Cracked Pot

This afternoon we all bumbled off to Hospital, with me silently dreading One Discharge: No Appeal. That… didn’t happen.

Totally didn’t happen.

Our consultant Paed was drowning in work and had subbed out half his clinic to a locum consultant: the delightfully named Dr Pal. And she was very, very nice. Harry was already in full melt-down by the time we got into the exam room, and had already thrown himself about the waiting room in a frenzy, putting two fresh lumps on the back of his head and another bruise DIRECTLY ON TOP OF his existing shiner.

Incidentally, is that purely a UK colloquialism? A black eye! Here, have another photo, with this morning’s bloody lip featured for good measure (fell off the padded piano stool straight onto the exceedingly UNpadded square wooden stool that he insisted go there, in defiance of safety. I moved it twice and he went bananas and hit me both times so eventually I just let him leave it where it was. Whereupon he promptly crash-landed on it the moment my back was turned.) along with the crusted snot, neither of which he would permit me to wipe.

Harry bruised

Where am I? Oh, yes. The toy box in the corner distracted Harry sufficiently (and he fell over on the way across the room! For no reason! She noticed! Hooray!) for me to give a very truncated precis, and I had just told her that Harry’s behaviour had me in tears most days, when the toys lost their appeal and his hysterical shrieks started up again. He threw a toy car across the room like a rocket, and I’m pretty sure the Dr shifted on her chair ready to take cover behind the desk at that point, because it was blatantly obvious that he was planning more missiles just as soon as he could grab something else. He calmed down briefly when shown some lego, but soon decided that it would look much better embedded in Daddy’s eyeball. John eventually just had to sit and hang on to him for grim life in a sterling effort to stop him dashing his own brains out, and the next 10 minutes of our conversation were surely audible along the corridor because we were HAVING TO SHOUT to be heard.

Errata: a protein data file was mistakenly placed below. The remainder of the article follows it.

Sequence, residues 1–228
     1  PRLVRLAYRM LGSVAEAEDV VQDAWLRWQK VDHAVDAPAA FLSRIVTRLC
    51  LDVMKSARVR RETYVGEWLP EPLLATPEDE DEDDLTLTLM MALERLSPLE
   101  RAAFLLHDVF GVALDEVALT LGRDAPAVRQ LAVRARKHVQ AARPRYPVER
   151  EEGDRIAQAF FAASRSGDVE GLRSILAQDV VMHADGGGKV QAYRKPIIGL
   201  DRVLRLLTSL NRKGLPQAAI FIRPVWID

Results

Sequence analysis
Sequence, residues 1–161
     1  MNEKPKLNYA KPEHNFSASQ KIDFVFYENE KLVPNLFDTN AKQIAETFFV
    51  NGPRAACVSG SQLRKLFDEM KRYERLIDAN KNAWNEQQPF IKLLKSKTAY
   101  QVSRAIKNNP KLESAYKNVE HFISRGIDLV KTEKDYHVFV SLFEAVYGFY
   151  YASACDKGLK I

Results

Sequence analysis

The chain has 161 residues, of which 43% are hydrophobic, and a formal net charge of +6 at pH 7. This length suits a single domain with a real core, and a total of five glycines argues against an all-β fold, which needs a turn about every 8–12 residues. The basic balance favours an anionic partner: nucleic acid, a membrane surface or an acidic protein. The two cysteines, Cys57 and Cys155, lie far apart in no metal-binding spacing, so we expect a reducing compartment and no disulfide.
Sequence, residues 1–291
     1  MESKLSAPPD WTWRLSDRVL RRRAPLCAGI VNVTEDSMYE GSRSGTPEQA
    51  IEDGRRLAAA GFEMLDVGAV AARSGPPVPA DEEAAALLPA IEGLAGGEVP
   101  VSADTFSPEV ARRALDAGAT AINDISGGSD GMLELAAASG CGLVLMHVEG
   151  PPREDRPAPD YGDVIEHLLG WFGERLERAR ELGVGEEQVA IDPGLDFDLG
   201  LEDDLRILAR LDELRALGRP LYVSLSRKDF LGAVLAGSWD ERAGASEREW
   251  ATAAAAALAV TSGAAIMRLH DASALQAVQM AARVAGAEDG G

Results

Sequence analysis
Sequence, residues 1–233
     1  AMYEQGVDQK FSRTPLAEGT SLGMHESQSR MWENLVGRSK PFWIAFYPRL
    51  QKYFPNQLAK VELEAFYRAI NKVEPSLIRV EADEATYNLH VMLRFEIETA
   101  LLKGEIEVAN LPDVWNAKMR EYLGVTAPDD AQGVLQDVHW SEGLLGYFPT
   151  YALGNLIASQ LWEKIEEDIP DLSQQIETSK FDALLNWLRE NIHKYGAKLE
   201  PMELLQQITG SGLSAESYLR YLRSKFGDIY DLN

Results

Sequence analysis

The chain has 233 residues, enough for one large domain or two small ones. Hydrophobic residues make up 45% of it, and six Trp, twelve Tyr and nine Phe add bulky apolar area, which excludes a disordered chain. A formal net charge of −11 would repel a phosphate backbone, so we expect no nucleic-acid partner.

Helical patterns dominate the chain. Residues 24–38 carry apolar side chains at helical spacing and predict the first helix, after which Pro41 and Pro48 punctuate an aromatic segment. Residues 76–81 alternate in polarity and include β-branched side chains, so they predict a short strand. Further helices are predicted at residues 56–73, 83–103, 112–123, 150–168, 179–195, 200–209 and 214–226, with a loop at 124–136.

After this, John decided that enough was enough and carted Harry outside in search of somewhere softer; there was a wincingly near-miss with the doorframe when Harry violently threw his upper body backwards the instant John loosed one hand to turn the doorhandle (a scenario that has drawn blood from Harry on more than one previous occasion) followed by the sounds of hoarse screams fading slowly down the corridor.

Dr Pal said …well, a lot, really. I loved her from the moment she asked me – without a trace of irony – ‘If I had a medical background? No? You understand the clinical issues unusually well’. I glared at John like a Medusa, and I hope he knew that if he had even so much as shaped his lips into anything that looked like the first syllable of ‘Internet’ or ‘Google’ then he wouldn’t have lived to see tomorrow’s dawn. I fell in girly love with her a little more when she said ‘I can see you’re going through hell. This is certainly extremely challenging behaviour.’

My lip immediately started to quiver (as it naturally does when you’ve been feeling all along that you are a teeny bit entitled to feel sorry for yourself but no-one is actually Seriously Getting It apart from you and your innernet buddies, so you haven’t really felt fully justified in wallowing in a mudbath of Waaaah! and you’ve been quietly keeping a lid on things, rather) and my inner Stiff Upper British Lipness (whom I picture as a particularly well-moustachioed Sergeant Major) was obliged to roar at me imperiously; something along the lines of GET A FUCKING GRIP ALREADY! followed by DON’T YOU DARE WASTE TIME BLUBBING JUST BECAUSE YOU’VE HAD A SMIDGEON OF SYMPATHY! and JUST BECAUSE THERE’S A CHANCE THAT SOMEONE WHO CAN DO SOMETHING ACTUALLY AND FINALLY UNDERSTANDS! It was a toughie, but Sergeant Major won, and I retained the holey and cleanliness-compromised emotional cloak that I term my dignity.